The major turned her gaze back on Lindsay and nodded. “I tried, you know? He was such a brilliant man. He had such a vision, such… enthusiasm. I thought he could do it, I thought that, together, we could make everything right again. But it was too much, the horror was too much.”
Lindsay frowned. Who was she talking about?
“When he died? When I saw him lying there in the snow, I thought I could save him again. That this time, I’d do it. But I couldn’t. I never could. The man I… that man was gone a long time ago.”
The major put her face into her hands and began to weep. Her body shook but no sound came, or it was drowned out by the constant low thump of the helicopter. Lindsay turned away, put her head on Katie’s shoulder, and closed her eyes.
This time, when she slept, she dreamed of an endless black plain. She stood at its center and far off in the distance was a pale, white light. In that light, she saw Katie, sitting and waiting for her. And in the darkness, the monsters waited.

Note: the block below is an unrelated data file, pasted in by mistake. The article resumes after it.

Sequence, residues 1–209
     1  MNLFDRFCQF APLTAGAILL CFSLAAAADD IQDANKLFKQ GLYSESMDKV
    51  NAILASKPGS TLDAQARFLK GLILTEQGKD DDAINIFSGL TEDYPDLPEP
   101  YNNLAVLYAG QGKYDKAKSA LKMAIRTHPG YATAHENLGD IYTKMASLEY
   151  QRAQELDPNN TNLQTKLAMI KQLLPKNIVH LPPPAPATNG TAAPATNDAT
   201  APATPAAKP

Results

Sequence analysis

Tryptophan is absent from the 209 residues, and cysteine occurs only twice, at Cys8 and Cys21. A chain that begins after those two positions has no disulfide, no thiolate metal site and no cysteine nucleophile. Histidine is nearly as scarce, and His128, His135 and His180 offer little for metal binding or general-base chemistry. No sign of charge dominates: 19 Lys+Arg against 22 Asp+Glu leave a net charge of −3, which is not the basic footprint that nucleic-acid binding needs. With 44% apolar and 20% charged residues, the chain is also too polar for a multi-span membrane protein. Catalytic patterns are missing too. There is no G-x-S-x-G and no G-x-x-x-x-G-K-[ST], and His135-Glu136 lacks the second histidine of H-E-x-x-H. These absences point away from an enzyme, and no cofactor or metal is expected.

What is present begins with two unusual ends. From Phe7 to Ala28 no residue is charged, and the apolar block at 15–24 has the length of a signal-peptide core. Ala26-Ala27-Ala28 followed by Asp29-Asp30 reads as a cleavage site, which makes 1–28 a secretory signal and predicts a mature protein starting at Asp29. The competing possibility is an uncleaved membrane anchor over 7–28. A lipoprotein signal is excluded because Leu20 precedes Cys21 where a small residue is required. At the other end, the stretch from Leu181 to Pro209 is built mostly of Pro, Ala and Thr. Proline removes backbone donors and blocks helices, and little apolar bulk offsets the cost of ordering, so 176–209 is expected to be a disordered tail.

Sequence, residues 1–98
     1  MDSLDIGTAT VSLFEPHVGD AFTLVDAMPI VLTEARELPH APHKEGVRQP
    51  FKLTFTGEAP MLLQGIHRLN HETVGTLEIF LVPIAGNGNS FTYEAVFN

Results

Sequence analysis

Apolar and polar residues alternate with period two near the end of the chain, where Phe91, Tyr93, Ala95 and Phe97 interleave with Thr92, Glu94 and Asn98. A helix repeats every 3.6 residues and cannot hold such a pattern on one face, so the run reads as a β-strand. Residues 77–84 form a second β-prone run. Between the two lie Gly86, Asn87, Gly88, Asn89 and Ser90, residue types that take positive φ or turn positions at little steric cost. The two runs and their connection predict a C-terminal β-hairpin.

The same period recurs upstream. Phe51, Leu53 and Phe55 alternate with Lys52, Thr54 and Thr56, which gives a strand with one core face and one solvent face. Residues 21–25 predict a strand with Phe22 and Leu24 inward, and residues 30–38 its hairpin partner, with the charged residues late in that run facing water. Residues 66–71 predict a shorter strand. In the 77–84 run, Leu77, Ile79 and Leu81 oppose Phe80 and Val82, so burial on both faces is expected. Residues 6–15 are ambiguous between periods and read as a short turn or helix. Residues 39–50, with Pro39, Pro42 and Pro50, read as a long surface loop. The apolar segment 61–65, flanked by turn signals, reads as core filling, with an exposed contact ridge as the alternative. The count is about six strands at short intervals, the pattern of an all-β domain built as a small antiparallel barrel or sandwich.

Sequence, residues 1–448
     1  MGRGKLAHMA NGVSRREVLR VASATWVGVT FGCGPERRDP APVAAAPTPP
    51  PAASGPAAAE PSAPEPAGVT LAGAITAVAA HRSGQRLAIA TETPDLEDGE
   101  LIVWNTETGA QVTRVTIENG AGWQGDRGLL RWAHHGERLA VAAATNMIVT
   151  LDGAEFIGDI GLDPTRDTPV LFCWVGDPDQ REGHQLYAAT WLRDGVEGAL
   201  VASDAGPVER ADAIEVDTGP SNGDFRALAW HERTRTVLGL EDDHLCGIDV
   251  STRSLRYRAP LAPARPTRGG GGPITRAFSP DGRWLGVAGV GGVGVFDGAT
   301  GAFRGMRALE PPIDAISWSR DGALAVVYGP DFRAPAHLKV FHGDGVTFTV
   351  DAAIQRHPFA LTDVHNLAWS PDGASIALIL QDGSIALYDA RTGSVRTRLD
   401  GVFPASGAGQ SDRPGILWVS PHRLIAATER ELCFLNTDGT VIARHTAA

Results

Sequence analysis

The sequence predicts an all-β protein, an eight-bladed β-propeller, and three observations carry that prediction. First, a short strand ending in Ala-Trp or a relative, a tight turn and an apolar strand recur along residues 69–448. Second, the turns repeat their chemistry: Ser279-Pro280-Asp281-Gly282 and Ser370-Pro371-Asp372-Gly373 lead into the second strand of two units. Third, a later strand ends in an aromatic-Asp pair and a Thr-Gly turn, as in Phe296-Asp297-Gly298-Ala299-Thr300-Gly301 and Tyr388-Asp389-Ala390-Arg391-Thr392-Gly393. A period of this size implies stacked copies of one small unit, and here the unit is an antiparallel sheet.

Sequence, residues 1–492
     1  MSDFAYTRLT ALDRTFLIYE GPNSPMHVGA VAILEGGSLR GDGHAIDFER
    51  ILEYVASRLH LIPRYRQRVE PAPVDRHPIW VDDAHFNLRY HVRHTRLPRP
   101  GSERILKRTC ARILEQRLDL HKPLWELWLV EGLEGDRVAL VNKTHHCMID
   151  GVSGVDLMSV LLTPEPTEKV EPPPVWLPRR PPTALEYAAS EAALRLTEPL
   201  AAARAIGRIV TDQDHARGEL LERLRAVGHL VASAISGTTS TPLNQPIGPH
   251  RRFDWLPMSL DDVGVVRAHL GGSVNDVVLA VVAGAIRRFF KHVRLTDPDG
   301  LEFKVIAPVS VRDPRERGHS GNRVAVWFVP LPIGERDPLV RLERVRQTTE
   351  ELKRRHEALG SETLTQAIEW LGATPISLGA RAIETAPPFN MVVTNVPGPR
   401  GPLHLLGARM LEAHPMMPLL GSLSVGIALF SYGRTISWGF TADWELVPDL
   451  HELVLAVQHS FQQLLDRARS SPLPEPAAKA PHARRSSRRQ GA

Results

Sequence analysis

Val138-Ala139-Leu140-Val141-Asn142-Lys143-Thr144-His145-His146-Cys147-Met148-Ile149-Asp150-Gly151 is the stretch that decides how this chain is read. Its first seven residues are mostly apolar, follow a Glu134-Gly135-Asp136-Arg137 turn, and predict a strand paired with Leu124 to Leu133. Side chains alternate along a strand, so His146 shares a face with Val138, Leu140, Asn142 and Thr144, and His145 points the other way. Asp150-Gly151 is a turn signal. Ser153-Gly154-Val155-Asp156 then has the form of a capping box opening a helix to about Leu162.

She woke with a gentle hand on her shoulder. The young man, James, was leaning over her. He was smiling, excited.
“Hey, get up, come look,” he said and moved back to the co-pilot seat. Lindsay slid herself to her knees and moved between the pilot and co-pilot stations. At first, she didn’t see it in the darkness, but then James pointed it out.
Several giant lakes spread out on either side of them. They were so immense that Lindsay almost didn’t see the entire length of them. But the moon was bright and provided just enough light. Instantly she knew where she was. When she spotted the walls of the settlement, she nearly broke down into tears.